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Facial Masks: What's Right for You?

Facial Masks: What's Right for You?
Facial masks are a great way to slow down the aging process, because you’re allowing for key active ingredients to be applied in a concentrated way.

Masks come in several varieties. Some are creams or gels that you wipe off, while others harden and peel off. 

What does a mask do? A clay mask for acne treatment pulls excess oils out of the skin and pores. Your skin will feel tighter and drier. What you apply afterwards will enhance the success of the mask. The mask acts as a barrier between your skin and the environment, making the ingredients more effective on your skin.

Types of Masks
  • Splash masks started in Korea and uses a cleanser to splash on after a shower. They may contain green tea other natural ingredients.
  • Bubbling masks react when applied to the skin. The bubbling action can help the ingredients penetrate the skin. They are believed to improve the oxygenation of the skin.
  • Sheet masks are fiber masks with cut-outs for the eyes, nose and mouth. They feel cool when applied. Sheet masks can contain peptides and hyaluronic acid or antioxidants. Skin may feel soft, smooth, hydrated and firm after treatment.
  • Hydrating masks are best for those who have sensitive skin and skin conditions. Other masks may be too drying for comfort. These masks have a higher concentration of hyaluronic acid and other ingredients that pull water into the skin. Some are sheet masks and others are creams. These are great for dry climates and women over 40.
  • Exfoliating masks remove the outermost layer of dead skin cells. Pay attention to the ingredients and usage times. Be sure you have neutralizer when required.
Great Drugstore Masks

  • Olay ProX & Olay Regenerist
  • RoC Retinol Intensive Night Cream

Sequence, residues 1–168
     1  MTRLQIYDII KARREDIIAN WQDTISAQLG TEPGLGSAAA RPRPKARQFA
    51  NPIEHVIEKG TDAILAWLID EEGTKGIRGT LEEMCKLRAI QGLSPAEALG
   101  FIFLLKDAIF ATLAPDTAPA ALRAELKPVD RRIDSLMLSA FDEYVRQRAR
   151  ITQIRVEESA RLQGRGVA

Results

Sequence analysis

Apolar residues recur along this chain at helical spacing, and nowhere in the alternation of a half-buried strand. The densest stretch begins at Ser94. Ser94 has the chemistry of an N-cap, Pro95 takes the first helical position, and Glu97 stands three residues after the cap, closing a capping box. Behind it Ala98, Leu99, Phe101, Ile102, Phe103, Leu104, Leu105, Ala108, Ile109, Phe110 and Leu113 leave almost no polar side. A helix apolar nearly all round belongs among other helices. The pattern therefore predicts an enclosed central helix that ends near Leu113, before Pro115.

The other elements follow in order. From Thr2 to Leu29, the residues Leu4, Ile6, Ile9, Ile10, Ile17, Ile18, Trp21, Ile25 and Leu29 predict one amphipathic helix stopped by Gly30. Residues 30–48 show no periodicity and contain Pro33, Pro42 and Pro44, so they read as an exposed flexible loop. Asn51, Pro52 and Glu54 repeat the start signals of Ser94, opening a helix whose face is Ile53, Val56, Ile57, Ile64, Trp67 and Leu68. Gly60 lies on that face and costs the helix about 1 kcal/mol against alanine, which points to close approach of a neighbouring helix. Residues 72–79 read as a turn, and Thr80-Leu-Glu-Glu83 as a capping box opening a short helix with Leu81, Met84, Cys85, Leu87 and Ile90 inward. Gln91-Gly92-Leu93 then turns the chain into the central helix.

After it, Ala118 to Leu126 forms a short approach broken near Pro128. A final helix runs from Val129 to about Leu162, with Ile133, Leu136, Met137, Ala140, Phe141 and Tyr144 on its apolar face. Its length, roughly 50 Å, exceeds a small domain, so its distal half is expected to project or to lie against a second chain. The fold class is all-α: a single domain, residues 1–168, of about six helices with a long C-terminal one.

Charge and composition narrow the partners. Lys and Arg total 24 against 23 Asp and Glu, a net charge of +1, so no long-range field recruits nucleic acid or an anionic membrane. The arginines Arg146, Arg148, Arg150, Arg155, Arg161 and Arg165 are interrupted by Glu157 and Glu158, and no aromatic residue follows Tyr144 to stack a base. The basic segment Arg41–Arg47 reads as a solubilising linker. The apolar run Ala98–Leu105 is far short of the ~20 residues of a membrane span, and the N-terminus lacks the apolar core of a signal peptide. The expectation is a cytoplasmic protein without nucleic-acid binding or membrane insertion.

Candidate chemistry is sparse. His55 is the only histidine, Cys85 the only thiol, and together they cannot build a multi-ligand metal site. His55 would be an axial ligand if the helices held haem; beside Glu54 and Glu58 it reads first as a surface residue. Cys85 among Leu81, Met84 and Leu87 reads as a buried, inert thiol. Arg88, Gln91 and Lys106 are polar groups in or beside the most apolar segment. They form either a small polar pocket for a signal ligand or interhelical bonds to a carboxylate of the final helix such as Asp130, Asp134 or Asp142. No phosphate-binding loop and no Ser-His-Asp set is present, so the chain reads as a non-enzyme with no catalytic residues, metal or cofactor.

• Aveeno Positively Radiant
  • Garnier
  • philosophy Miracle Worker
  • Laneige Water Sleeping Mask
  • Number Seven Skin Care

Masks that require multiple steps for treatment should include all parts of the treatment with the product. Mask primers and neutralizers should be included when necessary.

Use mask treatment time for relaxation. Dim the lights, play soft music and make yourself a spa beverage. Create an atmosphere and slow down. Take some time for yourself while you give the mask 5-20 minutes to work.

Listen as Dr. Doris Day joins Dr. Pam Peeke to help you choose the best mask.



Smarty Pants Vitamins
Featured Speaker:
Doris Day, MD
Dr. Doris DayDoris Day, MD, is a board certified dermatologist who specializes in laser, cosmetic and surgical dermatology in New York City. Dr. Day is affiliated with Lenox Hill Hospital in New York City and is a Clinical Associate Professor of Dermatology at the New York University Langone Medical Centers. She has won awards for her work in laser research, teaching and for promoting the field of dermatology.

Dr. Day regularly lectures at national and international medical and aesthetic conferences, and teaches other physicians the art and techniques of soft tissue fillers, laser treatments and facial rejuvenation. She is a member of countless national and international organizations including the American Society of Dermatologic Surgery, The American Academy of Dermatology, Women’s Dermatologic Society, NY State Dermatology Society, and New York Facial Plastic Surgery Society. She is also an inductee into the American Honors Society of Dental and Facial Aesthetics and has served on the medical advisory boards and training panels for Allergan, Valeant, Galderma, Merz, among others.

Dr. Day is author of two books, Forget the Facelift: Turn Back the Clock with Dr. Day’s Revolutionary Four-Step Program for Ageless Skin, and 100 Questions and Answers About Acne. She has completed a clinical monograph titled Understanding Hyperpigmentation and maintains her role as a freelance journalist for several medical and scientific publications and outlets including as famed host for her award-winning show on Doctor Radio on SiriusXM 8.

Dr. Day earned an English degree from Columbia University, completed her Masters in Journalism and Science Writing at New York University and her M.D. at Downstate Medical School in New York. She completed her residency in Dermatology at Cornell University College of Medicine with the title of Chief Resident.